53. The method of claim 44, further comprising: wrapping the stack with a material to maintain the shape of the stack.

54. The method of claim 44, further comprising: wrapping the superstructure with a material to maintain the superstructure.

55. The method of claim 44, wherein the superstructure comprises a centrally located former around which the plurality of HTS stacks are arranged.

56. The method of claim 44, wherein the superstructure comprises from 3 to 75 stacks.

57. The method of claim 44, wherein the cable comprises at least N HTS tapes, the method comprising connecting a first end of the (N−1)th HTS tape in series to a second end of a Nth HTS tape; the Nth HTS tape and the (N−1)th HTS tape being located in any one of the plurality of HTS stacks.

58. The method of claim 57, comprising: connecting the HTS tapes utilizing a connection box having plugs capable of receiving the first end of the (N−1)th HTS tape and the second end of the Nth HTS tape; a solder; physical pressure to press the first end of the (N−1)th HTS tape and the second end of the Nth HTS tape into each other; or any combinations thereof.

59. The method of claim 44, further comprising: housing the cable into a cryostat; and maintaining the HTS tapes in a superconducting state.

60. The method of claim 59, wherein the cryostat is flexible.

61. A cable employed to generate a magnetic field comprising: at least one cable comprising: a plurality of high-temperature superconducting (HTS) stacks arranged to form a superstructure, said HTS stacks comprising a plurality of HTS tapes substantially coplanar to a plane formed by the width and the length of individual HTS tapes, wherein a first HTS tape of the HTS stack is displaced a distance in the width direction from an HTS tape positioned above the individual HTS tape in the HTS stack, wherein at least one end of the plurality of HTS tapes is connected in series with an end of another HTS tape located in any one of the plurality of HTS stacks.

62. The cable of claim 61, wherein each HTS tape of the HTS stack is displaced in the same direction along the width direction.

63. The cable of claim 61, wherein each HTS tape of the HTS stack is displaced by substantially the same distance.

64. The cable of claim 61, wherein the plurality of HTS tapes form a stack having a rhomboid-shaped cross-section.

65. The cable of claim 61, wherein the plurality of stacks are arranged so that a plane formed by the width and the length of the plurality of HTS tapes are nearly parallel to the local perimeter of the cross-section of the superstructure.

66. The cable of claim 61, wherein the superstructure has a hexagonal cross-sectional structure.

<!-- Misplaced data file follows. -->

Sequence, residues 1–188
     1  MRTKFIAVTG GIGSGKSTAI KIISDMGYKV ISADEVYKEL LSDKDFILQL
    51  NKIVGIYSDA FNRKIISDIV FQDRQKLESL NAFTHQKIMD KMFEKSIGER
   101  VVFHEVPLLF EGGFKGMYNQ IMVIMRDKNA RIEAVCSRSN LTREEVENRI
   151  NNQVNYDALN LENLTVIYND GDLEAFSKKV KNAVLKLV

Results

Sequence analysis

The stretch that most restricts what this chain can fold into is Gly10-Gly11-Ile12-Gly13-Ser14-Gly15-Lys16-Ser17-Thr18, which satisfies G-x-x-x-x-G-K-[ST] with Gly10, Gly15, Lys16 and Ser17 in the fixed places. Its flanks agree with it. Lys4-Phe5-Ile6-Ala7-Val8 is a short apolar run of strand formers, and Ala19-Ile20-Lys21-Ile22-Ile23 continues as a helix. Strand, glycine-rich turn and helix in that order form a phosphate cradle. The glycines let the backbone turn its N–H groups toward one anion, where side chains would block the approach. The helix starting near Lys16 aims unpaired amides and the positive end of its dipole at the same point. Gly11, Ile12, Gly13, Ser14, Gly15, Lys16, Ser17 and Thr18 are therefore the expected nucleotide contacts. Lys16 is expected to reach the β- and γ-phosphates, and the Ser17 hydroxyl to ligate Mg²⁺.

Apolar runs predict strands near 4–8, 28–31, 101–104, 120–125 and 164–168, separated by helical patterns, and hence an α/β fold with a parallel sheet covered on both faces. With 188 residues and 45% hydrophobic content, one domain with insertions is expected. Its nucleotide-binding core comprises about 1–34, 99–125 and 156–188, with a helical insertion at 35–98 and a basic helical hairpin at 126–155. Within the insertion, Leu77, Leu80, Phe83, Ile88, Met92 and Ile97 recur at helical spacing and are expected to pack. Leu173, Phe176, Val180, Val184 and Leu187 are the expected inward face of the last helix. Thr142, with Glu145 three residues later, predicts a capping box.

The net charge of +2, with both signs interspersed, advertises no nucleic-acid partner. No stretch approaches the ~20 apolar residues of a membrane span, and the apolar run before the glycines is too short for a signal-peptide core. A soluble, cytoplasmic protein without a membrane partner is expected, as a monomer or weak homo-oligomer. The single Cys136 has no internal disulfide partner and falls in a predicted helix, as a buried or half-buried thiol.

67. The cable of claim 61, wherein the superstructure has a triangular cross-sectional structure.

68. The cable of claim 61, wherein the superstructure is twisted about the axis of the cable.

69. The cable of claim 61, wherein the cable comprises at least N HTS tapes; and a first end of the (N−1)th HTS tape is connected in series to a second end of a Nth HTS tape; the Nth HTS tape and the (N−1)th HTS tape being located in any one of the plurality of the HTS stacks.

70. The cable of claim 69, wherein the HTS tapes are connected to each other utilizing a connection box having plugs capable of receiving the first end of the (N−1)th HTS tape and the second end of the Nth HTS tape; a solder; physical pressure to press the first end of the (N−1)th HTS tape and the second end of the Nth HTS tape into each other; or any combinations thereof.

71. A degaussing system comprising: the cable of claim 61; a cooling system for maintaining the HTS tapes in a superconducting state; and a power supply for providing a controlled current into the HTS tapes.

72. The degaussing system of claim 71, wherein the cooling system comprises a cryostat to house the cable, a coolant, a refrigerating mechanism to cool the coolant, and a delivery mechanism to deliver the coolant to the HTS tapes.

73. The degaussing system of claim 72, wherein the cryostat further comprises a restrictor capable of dividing a flow of coolant into two different flow streams.

74. The degaussing system of claim 73, wherein the restrictor comprises a restrictor body, at least one seal ring, and at least one seal cap.

75. The degaussing system of claim 74, wherein the at least one seal cap can be tightened to control the relative amount of coolant flowing in the two different flow streams.

76. The degaussing system of claim 74, wherein the at least one seal cap and the restrictor body comprise a composite material.

77. The degaussing system of claim 74, wherein the at least one seal ring comprises a fluoropolymer.